When to use ethnicity in your DNA search

By Kitty Munson Cooper, blogging at blog.kittycooper.com

Ethnicity (aka BioAncestry)

is the term DNA testing companies use incorrectly for 

Biological Ancestry

BioAncestry 

CANNOT accurately be determined on a country basis

BioAncestry 

CAN be determined by Continent, usually several areas, North, South, East, West ....

  for example Northern, Southern and Eastern Europe

Remember Kyle in the Ancestry DNA Ad -  who discovered he was Scottish not German?

Frankly it is hard to tell them apart as both can look Scandinavian or English...

Hopefully he discovered that with relative matching because German does not show up clearly in DNA BioAncestry

map courtesy of mapsland.com

  • West German looks French
  • East German looks Eastern European
  • South German can look Italian or East European
  • North German can look Scandinavian or English

East German Mother, Colonial Dad at MyHeritage

compared with an actual German 2nd cousin 

Text

Known German Ancestors at Ancestry

It turned out his parents had used a Jewish sperm donor

Stan knew he was of 100% German descent!

These were his results at Ancestry

What about English, Irish, Scottish, and Welsh? Can they be told apart?

Most early American settlers on the East coast were from those ethnicities

Although there were some Germans, Dutch, French, and Scandinavians 

Dave has deep American roots as shown at Ancestry:

colonial Pennsylvania and Georgia plus Carolinas

Ethnicity can help greatly with unknown parentage when the parents have different origins, and at least one is not Northern European.

 

 Adoptee Amelia was told that her mother was Italian and her father a Hungarian musician and that they died in a car crash

AI generated image

 Amelia 's results at Ancestry

Her late Jewish father has been found but not the Italian mother yet

When you have roots in the areas of the Americas that were originally Spanish, you will usually have Native American DNA

The Spanish soldiers who came over and stayed did not usually bring wives, so they often married native women

generated with AI

Tessa's father was unknown:

What would you think looking at this breakdown?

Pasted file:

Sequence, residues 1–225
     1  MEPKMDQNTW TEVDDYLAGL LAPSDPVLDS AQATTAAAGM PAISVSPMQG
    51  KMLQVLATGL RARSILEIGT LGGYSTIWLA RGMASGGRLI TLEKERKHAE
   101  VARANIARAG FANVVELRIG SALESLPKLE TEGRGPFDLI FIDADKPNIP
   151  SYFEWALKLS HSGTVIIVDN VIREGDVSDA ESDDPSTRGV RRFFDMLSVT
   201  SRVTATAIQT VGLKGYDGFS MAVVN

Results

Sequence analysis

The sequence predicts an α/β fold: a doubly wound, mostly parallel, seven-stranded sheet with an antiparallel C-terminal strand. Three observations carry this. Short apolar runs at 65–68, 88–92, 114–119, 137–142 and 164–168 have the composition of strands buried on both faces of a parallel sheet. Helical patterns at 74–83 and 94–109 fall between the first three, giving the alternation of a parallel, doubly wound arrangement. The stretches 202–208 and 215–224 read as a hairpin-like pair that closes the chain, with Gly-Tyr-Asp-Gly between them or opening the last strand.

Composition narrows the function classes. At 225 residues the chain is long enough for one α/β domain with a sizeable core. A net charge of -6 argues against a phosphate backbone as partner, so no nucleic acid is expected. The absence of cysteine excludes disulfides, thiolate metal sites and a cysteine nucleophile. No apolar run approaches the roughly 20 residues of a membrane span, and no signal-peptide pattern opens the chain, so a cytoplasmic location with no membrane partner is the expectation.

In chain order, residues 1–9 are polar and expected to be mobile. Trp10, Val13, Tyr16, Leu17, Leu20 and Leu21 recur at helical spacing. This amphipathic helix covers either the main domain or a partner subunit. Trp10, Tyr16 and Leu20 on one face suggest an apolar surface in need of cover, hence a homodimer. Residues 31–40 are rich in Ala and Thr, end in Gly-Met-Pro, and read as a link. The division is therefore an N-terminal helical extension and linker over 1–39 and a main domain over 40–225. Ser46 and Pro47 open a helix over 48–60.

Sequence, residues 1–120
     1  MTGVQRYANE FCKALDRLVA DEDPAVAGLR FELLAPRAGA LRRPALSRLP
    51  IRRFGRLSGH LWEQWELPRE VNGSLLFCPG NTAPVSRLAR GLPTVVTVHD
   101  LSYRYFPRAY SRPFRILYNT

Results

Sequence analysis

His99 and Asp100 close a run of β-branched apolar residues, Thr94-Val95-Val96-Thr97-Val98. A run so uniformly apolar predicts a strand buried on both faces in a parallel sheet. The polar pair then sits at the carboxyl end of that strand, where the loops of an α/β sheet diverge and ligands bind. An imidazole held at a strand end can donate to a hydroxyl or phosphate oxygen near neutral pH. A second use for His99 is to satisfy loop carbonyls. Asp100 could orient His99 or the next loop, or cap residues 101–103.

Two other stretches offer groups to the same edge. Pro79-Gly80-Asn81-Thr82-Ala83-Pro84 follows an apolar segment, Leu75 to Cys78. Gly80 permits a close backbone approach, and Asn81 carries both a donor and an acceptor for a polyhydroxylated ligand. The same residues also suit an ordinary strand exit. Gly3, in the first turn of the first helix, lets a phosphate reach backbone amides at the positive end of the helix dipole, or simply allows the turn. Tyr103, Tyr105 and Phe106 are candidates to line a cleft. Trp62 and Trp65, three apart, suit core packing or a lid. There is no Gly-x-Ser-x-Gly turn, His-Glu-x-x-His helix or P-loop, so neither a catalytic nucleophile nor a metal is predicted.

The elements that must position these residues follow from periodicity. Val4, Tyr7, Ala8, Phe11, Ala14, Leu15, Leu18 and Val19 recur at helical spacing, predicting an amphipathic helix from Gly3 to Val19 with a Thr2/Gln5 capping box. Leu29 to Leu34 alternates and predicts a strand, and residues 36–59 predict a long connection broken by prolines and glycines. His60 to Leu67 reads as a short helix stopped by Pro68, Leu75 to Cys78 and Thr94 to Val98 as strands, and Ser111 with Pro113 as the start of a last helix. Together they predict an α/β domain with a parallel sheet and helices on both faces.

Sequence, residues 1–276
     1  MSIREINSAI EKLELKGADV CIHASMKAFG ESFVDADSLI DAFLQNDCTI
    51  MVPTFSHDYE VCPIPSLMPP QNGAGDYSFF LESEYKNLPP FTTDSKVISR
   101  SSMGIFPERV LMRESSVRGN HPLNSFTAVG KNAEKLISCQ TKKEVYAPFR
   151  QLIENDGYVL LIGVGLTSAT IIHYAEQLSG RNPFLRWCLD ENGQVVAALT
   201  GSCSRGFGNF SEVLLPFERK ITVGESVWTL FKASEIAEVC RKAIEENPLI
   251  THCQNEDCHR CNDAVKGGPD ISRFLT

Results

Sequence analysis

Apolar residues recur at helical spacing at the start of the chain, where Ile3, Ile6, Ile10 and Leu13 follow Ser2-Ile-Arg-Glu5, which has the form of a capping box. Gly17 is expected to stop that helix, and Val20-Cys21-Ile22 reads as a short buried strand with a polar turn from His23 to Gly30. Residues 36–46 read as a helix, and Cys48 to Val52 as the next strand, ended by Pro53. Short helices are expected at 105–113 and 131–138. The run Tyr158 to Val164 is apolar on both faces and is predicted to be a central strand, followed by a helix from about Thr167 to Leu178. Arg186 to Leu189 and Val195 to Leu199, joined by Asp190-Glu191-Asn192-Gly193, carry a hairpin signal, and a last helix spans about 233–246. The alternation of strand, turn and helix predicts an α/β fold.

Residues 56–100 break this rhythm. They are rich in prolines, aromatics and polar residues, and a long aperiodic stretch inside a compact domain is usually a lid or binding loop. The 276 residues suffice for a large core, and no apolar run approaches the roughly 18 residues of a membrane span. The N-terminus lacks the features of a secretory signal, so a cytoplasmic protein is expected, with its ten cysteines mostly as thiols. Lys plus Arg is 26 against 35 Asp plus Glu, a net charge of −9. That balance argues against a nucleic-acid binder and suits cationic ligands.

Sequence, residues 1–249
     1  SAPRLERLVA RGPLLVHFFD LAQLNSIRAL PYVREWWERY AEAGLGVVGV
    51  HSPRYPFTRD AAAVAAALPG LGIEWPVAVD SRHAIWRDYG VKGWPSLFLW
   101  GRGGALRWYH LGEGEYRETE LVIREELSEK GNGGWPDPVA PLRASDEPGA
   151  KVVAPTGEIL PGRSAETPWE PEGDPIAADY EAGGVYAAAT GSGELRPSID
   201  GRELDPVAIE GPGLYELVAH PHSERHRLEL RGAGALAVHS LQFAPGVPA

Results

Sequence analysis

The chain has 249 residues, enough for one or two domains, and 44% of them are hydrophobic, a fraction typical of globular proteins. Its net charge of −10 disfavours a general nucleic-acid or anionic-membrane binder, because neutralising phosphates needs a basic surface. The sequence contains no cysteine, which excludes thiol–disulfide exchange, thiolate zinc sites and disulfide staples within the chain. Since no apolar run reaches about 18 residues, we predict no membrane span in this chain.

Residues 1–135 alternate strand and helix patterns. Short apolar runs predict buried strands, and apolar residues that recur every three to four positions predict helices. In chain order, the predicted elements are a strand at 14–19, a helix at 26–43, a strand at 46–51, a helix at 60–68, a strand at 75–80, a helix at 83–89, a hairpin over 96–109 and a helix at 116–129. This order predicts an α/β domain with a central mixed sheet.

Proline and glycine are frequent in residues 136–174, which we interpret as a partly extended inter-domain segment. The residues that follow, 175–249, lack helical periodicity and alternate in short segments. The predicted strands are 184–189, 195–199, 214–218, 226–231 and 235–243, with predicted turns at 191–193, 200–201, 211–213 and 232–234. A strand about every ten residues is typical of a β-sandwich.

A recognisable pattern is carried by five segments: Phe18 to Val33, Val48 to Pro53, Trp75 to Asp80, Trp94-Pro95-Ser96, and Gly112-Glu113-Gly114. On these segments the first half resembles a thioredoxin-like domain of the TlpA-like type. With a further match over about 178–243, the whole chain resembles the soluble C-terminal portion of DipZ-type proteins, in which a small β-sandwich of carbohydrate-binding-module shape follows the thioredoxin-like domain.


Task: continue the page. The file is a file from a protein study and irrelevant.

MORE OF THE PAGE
Tessa versus her Colonial rooted mother at Ancestry

What does this ethnic mix tell us?

Hispanic, Mexico or New Mexico

Sam did not know who his father was, Ancestry told him Lebanese and the matches support this

Dede discovered that her Dad was not her biological Dad when she was 40

Dede versus her 1st cousin on her mother's side

It looked like Dede's father was from deep American roots and slavic roots

Tree building found a Yugoslavian descended man marrying a Kentucky girl. Once I had the Slavic surname I searched a large Kentucky tree and found this couple, Dede's grandparents

An Australian woman, Elana, did not know who  her father was. She had only 4th cousin matches at every site

Elana's Australian mother had her from a one night encounter with "Bob" who said he was Maori.

AI generated image

Elana's father is clearly not Maori. He appears to be about half Chinese, then an Australian, Italian mix .

Elana's bioancestry compared to her mother 

28% Asian

8% Southern Europe

It is clear in the DNA that the unknown father is half Chinese and also has southern European roots on the other side, perhaps a Sicilian grandad

Latest Ancestry estimates

Here is what Elana's bioancestry looks like at GEDmatch using the MLDP world 22 project

Since her closest Ancestry matches were Americans of Italian descent, I recruited Rocco Hindman (the coordinator of the Southern Cal  Genealogical Society's Italian Interest Group)  to work those lines. 

Elana had also tested at 23andme and had uploaded everywhere but there were no Chinese matches

 23andme  shows ethnicity by chromosome and includes the X which no other site does

The X can be useful because we all have no X from our father's father. Notice that Elana has no Asian on her X...

Most likely her father's father was Chinese.

Back then we had a quick tool, DNA2tree, to find common ancestors from trees so we were able to determine her paternal Australian common ancestors from all those 4th cousin matches.

Many tools have been disabled by Ancestry, only the gather at DNAgedcom still works

GEDmatch will find common ancestors of DNA matches to a specific kit but this requires the matches to have uploaded GEDcoms

But the common ancestor, Thomas Bugden b. 1811 had 17 children, 16 of whom had children!

Now I recruited an Australian search angel, Peter O'Brien to build that tree and look for an Italian with a descendant who married someone Chinese.

Rocco gave him some Italian surnames to watch for

Peter found such a couple after only a few weeks, a Kwan married a Russo whose mother was a Bugden!

By the way, the common ancestor, Thomas Bugden turned out to be Elana's 4th grandfather 

AdMixture Usage Summary

  • 23andMe and Ancestry have the best predictions 

  • German ancestry is not clear in the DNA

  • European Jewish and Finnish are clear; as are African, Levant, Native American, Polynesian, Chinese and other Asian

  • If the parents of the unknown parentage case are from very different origins, that can help greatly with figuring it out.

When DNA Ethnicity is Useful in a Search

By Kitty Cooper

When DNA Ethnicity is Useful in a Search

Ancestry Composition - Presentation by Kitty Cooper http://blog.kittycooper.com

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